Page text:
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The Maddox Brothers & Rose - Vol. 2 America's Most Colorful Hillbilly Band

CAT. #: 437


Price: $15.00

CD 437

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1. New Mule Skinner Blues
2. I Couldn't Believe It Was True
3. You've Been Talking In Your Sleep
4. Gosh, I Miss You All The Time
5. I'm Sending Daffydills
6. South
7. Chill In My Heart
8. Texas Guitar Stomp
9. Eight Thirty Blues
10. It's Only Human Nature
11. Why Not Confess
12. I'll Never Do It Again
13. Just One Little Kiss
14. I Love The Women
15. I Still Write Your Name In The Sand
16. Last Night I Heard You Crying In Your Sp
17. You're Gonna Be Sorry Some Of These Days
18. No One Is Sweeter Than You
19. Detour #2
20. Mama Says It's Naughty
21. I've Stopped My Dreaming About You
22. Kiss Me Quick And Go
23. Freight Train Boogie
24. Lonesome Hearted Blues
25. Cherokee Maiden
26. Okie Boogie
27. No One Will Ever Know
28. Red Silk Stockings And Green Perfume
29. Garden In The Sky
30. Dear Lord, Take My Hand

REVIEW

“Rose Maddox is finally getting her due for paving the way for female singers through her work with The Maddox Brothers and Rose which took place years before Kitty Wells achieved fame. Based in California, the band, consisting of Rose, her brothers and a few sidemen, played intense, fiery music that anticipated rockabilly a decade before it emerged. The Maddox Brothers & Rose Volume 2 America’s Most Colorful Hillbilly Band (Arhoolie 437) consists of 30 songs, 23 from the band’s postwar recordings for Four Star Records, seven from acetates of unreleased performances. This set complements Volume 1, assembling more of this seminal West Coast music. Even on ballads like ‘No One Will Ever Know’ Rose’s vocal intensity is unbelievable. The material here is equally intense, featuring Fred Maddox’s slapping bass and throbbing lead guitar from Roy Nichols and other sidemen. The band fairly burns out on gutbucket numbers like ‘Texas Guitar Stomp,’ a psychotic demo recording of ‘Cherokee Maiden’ and ‘New Mule Skinner Blues’ (which was listed on Volume 1, but, due to a programming mistake, not included). Sound problems are absent due to George Morrow’s excellent remastering of this set.”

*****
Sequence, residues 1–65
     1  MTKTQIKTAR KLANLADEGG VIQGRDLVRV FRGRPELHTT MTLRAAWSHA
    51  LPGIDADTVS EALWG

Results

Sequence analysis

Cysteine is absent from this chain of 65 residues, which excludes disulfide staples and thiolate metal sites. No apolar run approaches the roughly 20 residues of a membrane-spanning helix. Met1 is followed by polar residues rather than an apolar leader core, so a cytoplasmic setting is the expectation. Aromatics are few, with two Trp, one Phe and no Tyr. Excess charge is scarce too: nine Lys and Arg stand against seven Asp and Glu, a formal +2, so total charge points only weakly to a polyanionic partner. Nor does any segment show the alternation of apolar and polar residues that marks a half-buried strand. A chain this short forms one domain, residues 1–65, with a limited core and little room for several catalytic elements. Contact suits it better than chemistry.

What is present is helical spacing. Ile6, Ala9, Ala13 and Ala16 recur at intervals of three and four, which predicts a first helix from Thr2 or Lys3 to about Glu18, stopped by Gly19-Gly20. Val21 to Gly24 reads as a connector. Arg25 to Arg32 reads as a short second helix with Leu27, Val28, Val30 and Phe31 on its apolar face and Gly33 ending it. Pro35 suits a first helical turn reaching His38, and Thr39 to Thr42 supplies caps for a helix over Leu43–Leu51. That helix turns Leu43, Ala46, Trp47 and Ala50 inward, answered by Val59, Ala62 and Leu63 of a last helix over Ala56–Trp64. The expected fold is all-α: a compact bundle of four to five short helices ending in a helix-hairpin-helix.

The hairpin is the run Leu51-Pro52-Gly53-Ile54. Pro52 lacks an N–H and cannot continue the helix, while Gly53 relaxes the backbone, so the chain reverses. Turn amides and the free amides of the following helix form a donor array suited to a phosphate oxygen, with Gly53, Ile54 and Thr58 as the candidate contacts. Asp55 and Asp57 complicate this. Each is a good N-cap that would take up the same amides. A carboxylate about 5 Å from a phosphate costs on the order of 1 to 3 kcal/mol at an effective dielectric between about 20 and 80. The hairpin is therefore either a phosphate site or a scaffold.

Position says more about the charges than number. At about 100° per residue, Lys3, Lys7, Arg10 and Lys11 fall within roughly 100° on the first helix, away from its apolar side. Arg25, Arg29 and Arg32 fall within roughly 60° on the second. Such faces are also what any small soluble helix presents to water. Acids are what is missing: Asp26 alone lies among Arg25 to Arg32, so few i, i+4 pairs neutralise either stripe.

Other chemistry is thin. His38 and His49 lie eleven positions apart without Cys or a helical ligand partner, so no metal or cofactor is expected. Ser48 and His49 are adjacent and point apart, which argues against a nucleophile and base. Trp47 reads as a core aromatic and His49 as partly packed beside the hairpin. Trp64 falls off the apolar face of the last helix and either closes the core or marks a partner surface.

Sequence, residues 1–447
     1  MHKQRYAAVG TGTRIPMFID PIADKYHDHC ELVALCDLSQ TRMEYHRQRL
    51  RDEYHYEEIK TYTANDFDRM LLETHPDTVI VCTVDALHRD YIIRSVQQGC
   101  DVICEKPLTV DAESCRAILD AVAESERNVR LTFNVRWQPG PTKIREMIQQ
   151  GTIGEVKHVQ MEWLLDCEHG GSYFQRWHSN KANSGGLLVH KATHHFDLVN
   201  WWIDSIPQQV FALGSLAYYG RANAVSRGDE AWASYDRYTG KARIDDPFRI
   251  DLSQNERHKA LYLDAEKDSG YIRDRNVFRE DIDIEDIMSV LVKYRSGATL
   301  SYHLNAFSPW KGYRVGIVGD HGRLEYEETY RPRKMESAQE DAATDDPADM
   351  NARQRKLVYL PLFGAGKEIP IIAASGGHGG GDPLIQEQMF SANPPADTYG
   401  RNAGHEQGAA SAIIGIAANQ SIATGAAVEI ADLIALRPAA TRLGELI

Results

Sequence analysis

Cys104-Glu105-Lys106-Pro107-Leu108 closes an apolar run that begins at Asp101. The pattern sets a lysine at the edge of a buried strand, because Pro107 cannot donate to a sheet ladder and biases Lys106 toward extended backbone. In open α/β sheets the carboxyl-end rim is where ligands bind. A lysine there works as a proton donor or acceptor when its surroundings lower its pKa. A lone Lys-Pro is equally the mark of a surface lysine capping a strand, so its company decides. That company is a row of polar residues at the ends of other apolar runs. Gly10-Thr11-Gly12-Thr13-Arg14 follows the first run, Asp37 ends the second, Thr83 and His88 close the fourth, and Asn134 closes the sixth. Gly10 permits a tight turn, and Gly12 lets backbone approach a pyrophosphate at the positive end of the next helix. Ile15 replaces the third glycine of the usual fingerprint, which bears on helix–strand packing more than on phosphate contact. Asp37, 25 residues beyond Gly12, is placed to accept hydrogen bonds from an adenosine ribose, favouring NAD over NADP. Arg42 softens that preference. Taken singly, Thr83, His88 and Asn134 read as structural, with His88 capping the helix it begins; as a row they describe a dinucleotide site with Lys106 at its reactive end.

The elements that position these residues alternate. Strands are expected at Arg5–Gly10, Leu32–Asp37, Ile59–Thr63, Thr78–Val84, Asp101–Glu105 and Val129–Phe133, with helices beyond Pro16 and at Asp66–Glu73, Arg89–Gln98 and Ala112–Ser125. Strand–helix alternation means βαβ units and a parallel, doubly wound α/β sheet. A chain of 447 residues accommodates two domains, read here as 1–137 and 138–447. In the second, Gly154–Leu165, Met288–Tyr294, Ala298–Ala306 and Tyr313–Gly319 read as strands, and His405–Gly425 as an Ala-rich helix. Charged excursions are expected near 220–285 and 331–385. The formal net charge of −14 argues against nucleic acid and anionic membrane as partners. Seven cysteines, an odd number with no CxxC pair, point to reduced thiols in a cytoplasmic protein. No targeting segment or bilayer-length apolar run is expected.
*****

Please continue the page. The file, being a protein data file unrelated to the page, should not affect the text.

-Country Music magazine